But, on a more serious note, I'd like to hear via email ( firstname.lastname@example.org) from any readers who wish to address some or all of the following points: (1) has the Ninth Circuit given any official reason for why it has decided to eliminate fifteen-judge en banc panels and return to eleven-judge en banc panels; (2) what do you think brought about the change; and (3) what are your views on the change?
"May a Trial Court Force the Parties to Waive Appellate Review?"
You can access at this link
this week's installment of my "On Appeal" column for law.com.
"Bill attempts to protect dead stars' images; A state Senate bill would give control of dead celebrities' likenesses to the heirs the stars had chosen; Opponents predict legal challenges":
The Los Angeles Times contains this article
"Islamic charity's terror trial starts soon; Defendants will get their first chance to dispute charges that the group supported Hamas": This article
appears today in The Los Angeles Times.
"Dealing With Sins of the Forefathers: Md. Torn Over Statues of Justice in Dred Scott Case."
The Washington Post today contains an article
that begins, "It is perhaps surprising that Dred Scott Madison II and J. Charles Taney should agree. After all, Madison's great-great-grandfather was a slave who went to court to sue for his freedom. And Taney's great-great-uncle was the U.S. Supreme Court chief justice who wrote the opinion refusing to release that slave and ruling that black men held no rights in the United States. Yet as activists urge Maryland officials to remove bronze images of Chief Justice Roger Brooke Taney from the State House in Annapolis and Frederick City Hall this year -- the 150th anniversary of the Dred Scott decision -- Taney and Madison have found a measure of agreement."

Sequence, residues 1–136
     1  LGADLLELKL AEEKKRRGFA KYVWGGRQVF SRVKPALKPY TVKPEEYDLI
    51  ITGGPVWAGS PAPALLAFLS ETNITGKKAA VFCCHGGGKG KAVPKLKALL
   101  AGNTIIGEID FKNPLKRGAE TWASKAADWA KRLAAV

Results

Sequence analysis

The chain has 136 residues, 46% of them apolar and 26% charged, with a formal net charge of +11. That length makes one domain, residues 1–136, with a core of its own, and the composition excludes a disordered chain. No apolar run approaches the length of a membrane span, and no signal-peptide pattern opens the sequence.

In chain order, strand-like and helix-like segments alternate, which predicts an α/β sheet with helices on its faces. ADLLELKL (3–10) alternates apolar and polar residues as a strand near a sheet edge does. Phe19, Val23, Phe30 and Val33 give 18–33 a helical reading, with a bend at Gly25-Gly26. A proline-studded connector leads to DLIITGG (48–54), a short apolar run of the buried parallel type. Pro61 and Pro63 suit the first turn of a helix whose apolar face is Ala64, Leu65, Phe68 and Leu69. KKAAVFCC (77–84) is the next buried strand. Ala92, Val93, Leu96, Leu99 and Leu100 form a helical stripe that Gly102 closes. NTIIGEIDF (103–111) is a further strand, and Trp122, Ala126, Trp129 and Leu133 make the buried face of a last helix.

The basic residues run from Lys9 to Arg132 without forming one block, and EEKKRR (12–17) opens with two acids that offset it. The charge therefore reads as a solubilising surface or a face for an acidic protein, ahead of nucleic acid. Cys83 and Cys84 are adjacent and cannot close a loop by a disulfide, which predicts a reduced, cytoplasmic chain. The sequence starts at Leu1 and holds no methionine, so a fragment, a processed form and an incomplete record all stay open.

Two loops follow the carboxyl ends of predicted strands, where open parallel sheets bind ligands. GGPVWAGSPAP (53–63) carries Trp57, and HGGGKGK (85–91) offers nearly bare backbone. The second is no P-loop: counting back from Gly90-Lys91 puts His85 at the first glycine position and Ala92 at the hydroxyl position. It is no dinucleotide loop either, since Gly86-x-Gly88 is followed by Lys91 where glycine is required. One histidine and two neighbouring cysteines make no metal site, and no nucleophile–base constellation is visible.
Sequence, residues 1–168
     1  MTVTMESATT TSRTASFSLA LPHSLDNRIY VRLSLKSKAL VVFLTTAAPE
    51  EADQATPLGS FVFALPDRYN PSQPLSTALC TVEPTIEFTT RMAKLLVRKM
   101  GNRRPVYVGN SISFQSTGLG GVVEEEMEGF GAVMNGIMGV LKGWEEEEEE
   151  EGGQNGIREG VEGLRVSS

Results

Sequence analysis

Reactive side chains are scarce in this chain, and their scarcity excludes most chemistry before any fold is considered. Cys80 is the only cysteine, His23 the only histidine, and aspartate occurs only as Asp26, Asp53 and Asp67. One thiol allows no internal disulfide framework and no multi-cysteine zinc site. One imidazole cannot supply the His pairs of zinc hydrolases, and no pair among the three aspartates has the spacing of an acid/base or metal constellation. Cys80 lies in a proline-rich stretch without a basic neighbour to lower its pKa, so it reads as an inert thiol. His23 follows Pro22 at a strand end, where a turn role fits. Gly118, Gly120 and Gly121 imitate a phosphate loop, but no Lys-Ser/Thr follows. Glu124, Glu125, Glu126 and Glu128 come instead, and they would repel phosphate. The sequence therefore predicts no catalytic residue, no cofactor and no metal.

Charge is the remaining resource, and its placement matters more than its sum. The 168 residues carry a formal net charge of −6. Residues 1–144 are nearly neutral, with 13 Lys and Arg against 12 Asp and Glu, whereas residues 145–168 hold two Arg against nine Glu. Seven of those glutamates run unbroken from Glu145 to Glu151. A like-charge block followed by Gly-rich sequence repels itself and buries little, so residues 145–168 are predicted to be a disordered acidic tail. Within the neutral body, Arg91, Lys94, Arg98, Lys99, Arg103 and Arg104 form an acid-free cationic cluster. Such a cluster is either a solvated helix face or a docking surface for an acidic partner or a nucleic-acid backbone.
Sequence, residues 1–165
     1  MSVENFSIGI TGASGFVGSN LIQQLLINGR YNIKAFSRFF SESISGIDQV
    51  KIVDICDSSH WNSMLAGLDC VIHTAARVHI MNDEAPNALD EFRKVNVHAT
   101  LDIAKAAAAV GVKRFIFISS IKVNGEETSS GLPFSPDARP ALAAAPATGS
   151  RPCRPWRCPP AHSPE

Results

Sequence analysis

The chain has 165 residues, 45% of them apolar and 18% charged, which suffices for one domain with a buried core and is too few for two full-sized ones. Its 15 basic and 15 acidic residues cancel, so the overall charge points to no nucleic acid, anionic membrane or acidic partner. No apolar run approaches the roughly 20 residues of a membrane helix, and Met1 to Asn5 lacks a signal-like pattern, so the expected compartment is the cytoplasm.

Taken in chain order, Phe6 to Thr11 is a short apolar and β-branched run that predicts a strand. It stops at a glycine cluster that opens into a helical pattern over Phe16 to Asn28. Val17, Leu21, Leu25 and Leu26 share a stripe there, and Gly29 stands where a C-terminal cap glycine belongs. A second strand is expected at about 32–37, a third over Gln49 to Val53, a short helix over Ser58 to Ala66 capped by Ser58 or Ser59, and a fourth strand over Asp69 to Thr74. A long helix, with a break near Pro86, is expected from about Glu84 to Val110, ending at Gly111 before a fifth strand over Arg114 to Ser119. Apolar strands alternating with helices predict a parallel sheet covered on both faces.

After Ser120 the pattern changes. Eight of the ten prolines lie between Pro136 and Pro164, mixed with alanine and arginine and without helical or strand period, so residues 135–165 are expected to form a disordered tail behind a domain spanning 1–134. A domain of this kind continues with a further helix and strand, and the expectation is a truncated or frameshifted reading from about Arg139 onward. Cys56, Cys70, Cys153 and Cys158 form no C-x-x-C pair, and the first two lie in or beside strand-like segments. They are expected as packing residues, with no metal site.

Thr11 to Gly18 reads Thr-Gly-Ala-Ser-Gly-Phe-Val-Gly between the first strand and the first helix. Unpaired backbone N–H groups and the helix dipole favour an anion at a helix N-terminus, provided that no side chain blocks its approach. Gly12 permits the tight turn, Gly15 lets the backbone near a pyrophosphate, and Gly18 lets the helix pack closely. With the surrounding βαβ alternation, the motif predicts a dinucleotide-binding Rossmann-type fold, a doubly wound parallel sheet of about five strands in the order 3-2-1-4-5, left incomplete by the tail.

And last Tuesday, The Baltimore Sun published an article headlined "Taney's tainted legacy: Some in Frederick want to remove a bust from City Hall because of racist 'Dred Scott' decision." And in yesterday's newspaper, columnist C. Fraser Smith had an op-ed entitled "Words that will never die."
"Pistachios at Guantanamo":
Columnist Jackson Diehl has this op-ed
today in The Washington Post.
"Right Urges Showdown With Democrats Over Judicial Nominees":
The Washington Post contains this article
"Giving Evil the Eye: Juries Don't Always Know Heinous Crimes When They See Them, But This Might Help." This article
appears today in The Washington Post.
"Pakistan's Chief Justice Back at Work":
The Associated Press provides this report
Happy birthday to Justice Anthony M. Kennedy:
According to the "Today in History
" feature from The Associated Press, he turns 71 today.
"The Southwick Stonewall":
The Wall Street Journal today contains an editorial
(paid subscription required) that begins, "It isn't easy to get Republican moderate Senator Arlen Specter into a fighting partisan mood. But Democrats are achieving this rare feat as they continue to block nearly every nomination by President Bush to the federal appeals courts."
"Contempt and Congress: The Democrats' attack on executive privilege shows blatant disregard for the Constitution."
Law Professor John Yoo
has this op-ed
(free access) today in The Wall Street Journal.
In "The Talk of the Town" section of the July 30, 2007 issue of The New Yorker, Nicholas Lemann has an essay
in which he writes, "Just before the end of the past term, the Court issued a decision, written by Chief Justice John Roberts, that signalled a complete departure from more than half a century of jurisprudence on race."